Performances during the day will feature: electro-acoustic music; Telemann (below top) on historical flutes; lesser-known modern masters; Romanian composers; Latin music; Bach (below bottom) transcriptions; contemporary interpretation; and works for flute, clarinet and voice. Student soloists and chamber ensembles from UW-Whitewater and UW-Madison will present concerts.
For flutists shopping for an instrument, music or accessories, over a dozen companies and organizations from across the US will be on-site in the Festival’s exhibit hall. Technicians will be also available to evaluate instruments and conduct minor repairs.
Exhibitors include Altus Flutes, Atlantic Crossing Records, Brannen Brothers Flutemakers, Inc., Burkart Flutes & Piccolos, Di Zhao Flutes, Flute Center of New York, Flute Specialists, Flute World, Heid Music, The National Flute Association, Ward-Brodt, White House of Music and Wisconsin Youth Symphony Orchestras.
Tickets are $20 to $35 for Festival participants. Tickets for non-flutist family members of participants (parents, siblings) are available for at a special rate of $5. Registration information is available online at wisconsinflutefestival.org. Tickets can be purchased at the Festival.
The evening concert beginning at 5 p.m. in Mills Hall, is FREE and OPEN TO THE PUBLIC.
The Wisconsin Flute Festival is a program of the Madison Flute Club.
About the Madison Flute Club
The Madison Flute Club was founded in 2002 and currently presents over 20 concerts each year to an audience of more than 1,500 community members. The club involves, on average, 35 active adult members and over 30 youth from the surrounding area.
To advance and achieve its mission, the Madison Flute Club has undertaken several large projects and partnered with numerous organizations and events in Dane County.
These projects include the commissioning and world premiere of a work for flute choir for Design MMoCA, successfully fundraising for a contrabass flute (the first such instrument in Wisconsin) and performing at the National Flute Association Convention.
Madison Flute Club ensembles and members have been featured on Wisconsin Public Radio’s The Midday with Norman Gilliland, WORT 89.9FM Madison and in the publication The Flutist Quarterly.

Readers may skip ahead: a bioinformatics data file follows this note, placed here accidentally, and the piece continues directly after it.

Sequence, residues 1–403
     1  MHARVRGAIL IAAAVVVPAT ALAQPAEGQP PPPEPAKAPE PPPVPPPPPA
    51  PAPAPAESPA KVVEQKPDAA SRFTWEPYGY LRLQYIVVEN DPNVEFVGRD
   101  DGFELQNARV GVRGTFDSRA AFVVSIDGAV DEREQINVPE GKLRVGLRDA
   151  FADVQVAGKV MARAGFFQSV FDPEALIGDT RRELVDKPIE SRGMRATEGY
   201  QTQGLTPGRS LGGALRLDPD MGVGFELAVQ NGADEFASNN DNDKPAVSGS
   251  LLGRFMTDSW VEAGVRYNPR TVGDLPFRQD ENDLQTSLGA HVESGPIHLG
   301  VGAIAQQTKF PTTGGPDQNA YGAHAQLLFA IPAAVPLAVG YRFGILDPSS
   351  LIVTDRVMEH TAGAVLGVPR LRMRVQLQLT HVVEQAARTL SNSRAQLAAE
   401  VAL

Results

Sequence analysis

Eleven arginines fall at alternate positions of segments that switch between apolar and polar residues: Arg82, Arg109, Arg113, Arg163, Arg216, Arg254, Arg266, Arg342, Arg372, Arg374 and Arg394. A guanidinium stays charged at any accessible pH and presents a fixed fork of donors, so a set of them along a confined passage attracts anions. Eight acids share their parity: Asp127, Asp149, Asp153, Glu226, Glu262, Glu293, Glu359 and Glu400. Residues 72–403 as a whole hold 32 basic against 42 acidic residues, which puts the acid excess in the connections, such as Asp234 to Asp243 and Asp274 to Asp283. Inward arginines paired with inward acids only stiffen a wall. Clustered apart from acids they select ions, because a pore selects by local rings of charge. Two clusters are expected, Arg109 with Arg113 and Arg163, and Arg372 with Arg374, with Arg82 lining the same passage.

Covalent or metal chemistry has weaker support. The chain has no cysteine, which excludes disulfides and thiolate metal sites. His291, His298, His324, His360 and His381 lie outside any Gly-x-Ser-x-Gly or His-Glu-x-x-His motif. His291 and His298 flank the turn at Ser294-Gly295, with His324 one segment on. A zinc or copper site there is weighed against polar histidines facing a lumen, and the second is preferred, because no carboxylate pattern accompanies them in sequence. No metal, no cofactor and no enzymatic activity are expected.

The 2017 Wisconsin Flute Festival is co-hosted by Madison Flute Club and UW-Madison Flute Studio.
Major funding is provided by: Heid Music, American Printing Company, Eric and Tobi Breisach, Distillery Marketing and Design, Karl Sandelin in honor of Joyce Sandelin and Wisconsin Youth Symphony Orchestras.
Additional funding is provided by Altus Handmade Flutes, Breisach Cordell PLLC, and Dane Arts with additional funds from the Endres Mfg. Company Foundation, The Evjue Foundation, Inc., charitable arm of The Capital Times, the W. Jerome Frautschi Foundation and the Pleasant T. Rowland Foundation.
By Jacob Stockinger
The Oakwood Chamber Players (below) will perform a concert titled Looking Back and Forward on Sunday, Nov. 27, 2016 at 1 p.m. and 3:30 p.m.
The performances will both be held at the Oakwood Village University Woods Center for Arts and Education, 6209 Mineral Point Road, on the far west side of Madison near West Towne Mall.
An innovative recipe for A Christmas Carol is a perfect addition to the Thanksgiving holiday weekend.
Outstanding musical theater actor/singer baritone Bobby Goderich (below, seen on the right in Madison Opera‘s production of Stephen Sondheim‘s “Sweeney Todd”) will give a tour-de-force characterization of the entire cast of personalities for a rendition of Dickens’s tale in The Passion of Scrooge. A dozen musicians will give Goderich’s flair an abundant platform to show off his singing, humor, and dramatic effects.
The Passion of Scrooge by New York composer Jon Deak (below) is performed annually for holiday concerts at the Smithsonian, and the Oakwood Chamber Players are delighted to present the Wisconsin premiere of this memorable work.
Deak is known for weaving a variety of tales into “concert dramas,” turning words into music and giving instrumentalists the power to evoke speech through their sounds.
The Passion of Scrooge is laid out in two acts as the character struggles to come to grips with the past, present and future, to transform a life of avarice to one of human warmth.
Additionally, the Oakwood Chamber Players will perform music mentioned in the text of Charles Dickens’s A Christmas Carol.
When the Ghost of Christmas Past shows Scrooge a celebration hosted by his employer, Mr. Fezziwig, the fiddler plays the tune Sir Roger de Coverley. (You can hear a chamber orchestra version of the work, played by the Academy of St. Martin in the Fields under Sir Neville Marriner, in the YouTube video at the bottom.)
This traditional English country dance, set for string quartet by British composer Frank Bridge (below) in 1922, will provide an energetic introduction to The Passion of Scrooge. The musical pairing illustrates how creative expression can transform historic works to give fresh perspectives.